Most new cars have basic theft-deterrent systems with key fobs that are difficult to emulate, but fewer are actually equipped from the factory with a full alarm with glass-breakage or tilt sensors.
If a thief still finds a way to make off with your car, you probably want it back. Simple tracking devices plugged into the car’s On-Board Diagnostic (OBD) port are easy to use and will alert you of the vehicle’s location via a smartphone app.
These systems are basic to install and can also be useful for tracking teenage drivers instructed not to stray too far from home.
On a cold or hot day, it may be tempting to leave your car running in a parking lot while you pop into a convenience store for a zesty beverage. Similarly, you may run out to warm up your car on a cold morning while you finish up your breakfast. Not only is an idling car rather bad for the environment, but it’s also a prime target for a thief. Unless the car has a remote start system requiring the key to be present for the transmission to engage, you’ve just made your car the easiest theft target in the entire parking lot.
Many newer cars come factory-equipped with an immobilizer. This catch-all term refers to computer chips that disable a car’s ignition system unless the right key is present.
Adding one to an older car isn’t easy, but a basic immobilizer can be as simple as a “kill switch” mounted in an obscure location, cutting power to the battery and makes the car useless to anyone unfamiliar with the switch’s location. Few thieves will go through the effort of trying to locate a kill switch.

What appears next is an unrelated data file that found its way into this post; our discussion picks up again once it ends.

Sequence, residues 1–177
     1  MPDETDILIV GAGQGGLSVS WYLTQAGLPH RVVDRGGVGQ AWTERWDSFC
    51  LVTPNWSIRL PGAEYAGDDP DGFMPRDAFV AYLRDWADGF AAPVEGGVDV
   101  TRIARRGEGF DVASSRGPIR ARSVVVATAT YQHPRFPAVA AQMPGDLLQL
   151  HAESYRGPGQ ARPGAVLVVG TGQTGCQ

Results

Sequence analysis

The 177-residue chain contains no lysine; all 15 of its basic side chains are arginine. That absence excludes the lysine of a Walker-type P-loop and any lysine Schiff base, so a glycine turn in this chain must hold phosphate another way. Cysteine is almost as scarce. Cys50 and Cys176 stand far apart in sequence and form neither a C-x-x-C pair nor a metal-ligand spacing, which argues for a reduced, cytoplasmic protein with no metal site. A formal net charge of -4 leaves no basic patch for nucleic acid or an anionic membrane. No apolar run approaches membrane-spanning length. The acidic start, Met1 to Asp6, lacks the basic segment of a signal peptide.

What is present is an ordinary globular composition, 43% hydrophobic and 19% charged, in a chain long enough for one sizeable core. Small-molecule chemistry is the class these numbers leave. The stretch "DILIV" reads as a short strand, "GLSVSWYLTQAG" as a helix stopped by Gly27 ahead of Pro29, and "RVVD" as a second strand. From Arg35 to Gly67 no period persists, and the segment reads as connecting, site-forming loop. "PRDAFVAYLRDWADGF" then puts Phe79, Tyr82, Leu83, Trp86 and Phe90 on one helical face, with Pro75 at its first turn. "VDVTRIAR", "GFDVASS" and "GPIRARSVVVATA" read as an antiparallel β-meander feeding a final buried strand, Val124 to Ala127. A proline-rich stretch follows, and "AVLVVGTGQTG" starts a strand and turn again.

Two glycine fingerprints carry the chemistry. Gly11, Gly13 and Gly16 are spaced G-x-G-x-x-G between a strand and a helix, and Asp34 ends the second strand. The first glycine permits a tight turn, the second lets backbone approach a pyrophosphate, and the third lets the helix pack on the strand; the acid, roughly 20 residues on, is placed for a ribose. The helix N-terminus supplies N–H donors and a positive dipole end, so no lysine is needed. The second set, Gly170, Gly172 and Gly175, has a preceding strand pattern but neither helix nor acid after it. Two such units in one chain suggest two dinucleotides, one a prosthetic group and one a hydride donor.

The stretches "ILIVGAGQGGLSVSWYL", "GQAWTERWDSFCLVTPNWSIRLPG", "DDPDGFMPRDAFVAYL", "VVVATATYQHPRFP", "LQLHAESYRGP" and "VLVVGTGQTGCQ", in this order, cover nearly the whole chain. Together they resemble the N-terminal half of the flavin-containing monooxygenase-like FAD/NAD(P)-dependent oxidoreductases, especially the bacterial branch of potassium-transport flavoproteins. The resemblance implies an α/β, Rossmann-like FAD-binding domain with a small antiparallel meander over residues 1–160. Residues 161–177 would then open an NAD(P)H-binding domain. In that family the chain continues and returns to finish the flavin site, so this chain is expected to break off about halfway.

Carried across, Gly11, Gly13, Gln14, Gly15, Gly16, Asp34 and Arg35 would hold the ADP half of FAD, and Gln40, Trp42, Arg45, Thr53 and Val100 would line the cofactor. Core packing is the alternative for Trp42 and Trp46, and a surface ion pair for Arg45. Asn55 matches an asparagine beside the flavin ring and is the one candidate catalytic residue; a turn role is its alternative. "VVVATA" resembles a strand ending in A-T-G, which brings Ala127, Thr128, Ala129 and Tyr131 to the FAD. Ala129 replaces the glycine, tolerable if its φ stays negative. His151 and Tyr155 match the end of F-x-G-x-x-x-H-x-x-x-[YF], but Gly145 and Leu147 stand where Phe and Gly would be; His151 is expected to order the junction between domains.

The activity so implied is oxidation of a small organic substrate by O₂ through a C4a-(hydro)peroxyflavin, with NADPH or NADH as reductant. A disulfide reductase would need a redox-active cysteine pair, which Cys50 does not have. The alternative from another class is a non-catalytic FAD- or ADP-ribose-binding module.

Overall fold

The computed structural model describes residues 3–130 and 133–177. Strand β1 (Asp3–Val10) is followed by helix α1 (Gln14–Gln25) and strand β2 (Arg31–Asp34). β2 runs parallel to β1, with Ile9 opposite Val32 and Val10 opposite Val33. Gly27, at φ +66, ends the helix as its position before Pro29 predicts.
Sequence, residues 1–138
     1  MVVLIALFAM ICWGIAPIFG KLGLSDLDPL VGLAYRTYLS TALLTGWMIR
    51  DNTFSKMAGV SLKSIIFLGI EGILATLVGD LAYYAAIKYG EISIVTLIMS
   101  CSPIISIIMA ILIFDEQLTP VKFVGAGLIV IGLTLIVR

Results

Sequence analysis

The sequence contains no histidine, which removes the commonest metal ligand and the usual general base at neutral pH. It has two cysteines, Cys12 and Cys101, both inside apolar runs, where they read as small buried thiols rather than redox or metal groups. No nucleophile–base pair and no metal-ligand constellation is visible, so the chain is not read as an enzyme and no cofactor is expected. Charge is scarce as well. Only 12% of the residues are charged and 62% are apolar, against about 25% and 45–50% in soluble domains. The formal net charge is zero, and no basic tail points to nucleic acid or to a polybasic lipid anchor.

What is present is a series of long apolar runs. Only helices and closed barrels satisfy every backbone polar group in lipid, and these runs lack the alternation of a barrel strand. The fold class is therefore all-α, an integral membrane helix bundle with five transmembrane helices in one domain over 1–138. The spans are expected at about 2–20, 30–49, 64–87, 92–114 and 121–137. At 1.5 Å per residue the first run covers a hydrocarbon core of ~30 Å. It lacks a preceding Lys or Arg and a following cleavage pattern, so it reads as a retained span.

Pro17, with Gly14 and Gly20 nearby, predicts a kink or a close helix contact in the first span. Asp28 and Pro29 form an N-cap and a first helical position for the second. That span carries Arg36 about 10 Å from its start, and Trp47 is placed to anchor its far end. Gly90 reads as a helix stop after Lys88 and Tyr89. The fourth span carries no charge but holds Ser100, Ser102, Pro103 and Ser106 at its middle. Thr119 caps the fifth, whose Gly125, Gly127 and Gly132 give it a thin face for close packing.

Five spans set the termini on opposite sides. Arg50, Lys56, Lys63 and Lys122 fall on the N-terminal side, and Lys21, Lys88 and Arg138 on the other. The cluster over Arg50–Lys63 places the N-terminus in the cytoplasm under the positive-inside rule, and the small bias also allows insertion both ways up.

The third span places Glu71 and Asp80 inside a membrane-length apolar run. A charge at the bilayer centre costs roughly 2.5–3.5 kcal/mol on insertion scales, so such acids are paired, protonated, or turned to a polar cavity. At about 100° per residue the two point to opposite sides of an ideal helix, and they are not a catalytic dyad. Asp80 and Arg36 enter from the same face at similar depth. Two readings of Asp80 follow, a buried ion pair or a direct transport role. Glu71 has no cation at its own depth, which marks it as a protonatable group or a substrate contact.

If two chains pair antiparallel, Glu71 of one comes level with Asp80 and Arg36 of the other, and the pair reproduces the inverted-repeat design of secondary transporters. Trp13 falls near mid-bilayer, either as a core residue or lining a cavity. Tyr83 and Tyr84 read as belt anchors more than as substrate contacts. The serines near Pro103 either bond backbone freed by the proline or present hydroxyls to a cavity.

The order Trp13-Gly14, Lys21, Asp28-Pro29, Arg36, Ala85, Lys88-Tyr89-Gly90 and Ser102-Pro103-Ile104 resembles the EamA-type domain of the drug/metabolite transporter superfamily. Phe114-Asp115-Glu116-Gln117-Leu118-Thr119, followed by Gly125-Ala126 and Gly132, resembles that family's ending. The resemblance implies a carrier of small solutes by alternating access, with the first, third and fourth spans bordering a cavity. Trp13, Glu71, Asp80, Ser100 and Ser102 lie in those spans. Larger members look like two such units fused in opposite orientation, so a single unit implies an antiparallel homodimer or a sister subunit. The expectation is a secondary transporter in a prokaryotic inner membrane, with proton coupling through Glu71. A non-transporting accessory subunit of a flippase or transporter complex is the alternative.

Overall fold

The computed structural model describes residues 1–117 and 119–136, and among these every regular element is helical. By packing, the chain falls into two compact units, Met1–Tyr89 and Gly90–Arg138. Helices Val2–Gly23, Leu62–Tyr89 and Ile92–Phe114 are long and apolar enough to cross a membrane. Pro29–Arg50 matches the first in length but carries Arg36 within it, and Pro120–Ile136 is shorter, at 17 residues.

One of the easiest items for a thief to sell is a vehicle’s glass, which can be worth thousands of dollars for each pane. Having your car’s VIN etched into its glass can be a solid deterrent. A thief intent on parting out your vehicle just watched their profits slide.
It may be tempting to have the car’s VIN etched on the catalytic converter, a costly exhaust system component composed of precious metals. However, the illicit shops buying stolen catalytic converters for their metals aren’t likely to care if a VIN is etched into them.
OK, so this one’s not an actual preventative measure — but the more people who use the National Insurance Crime Bureau (NICB) database, the more thefts we can prevent.
Typing a VIN into the database will reveal if it has been reported as stolen. Do this before even going to look at any used car. If the car shows up as stolen, immediately report it to the police.
No matter what, it’s also always a good idea to ensure the title for the car you’re buying has the same VIN as the vehicle. Also, confirm the person named on the title and the person handing it to you are the same.
Sadly, it’s not unheard of for someone to either forge a car title or hand over a title for a different vehicle. You can always have a title verified by a police department or a motor vehicle registration office.
Don’t hesitate to ask to check the seller’s identification if you feel that something is amiss. A vigilant consumer can help reduce fraud.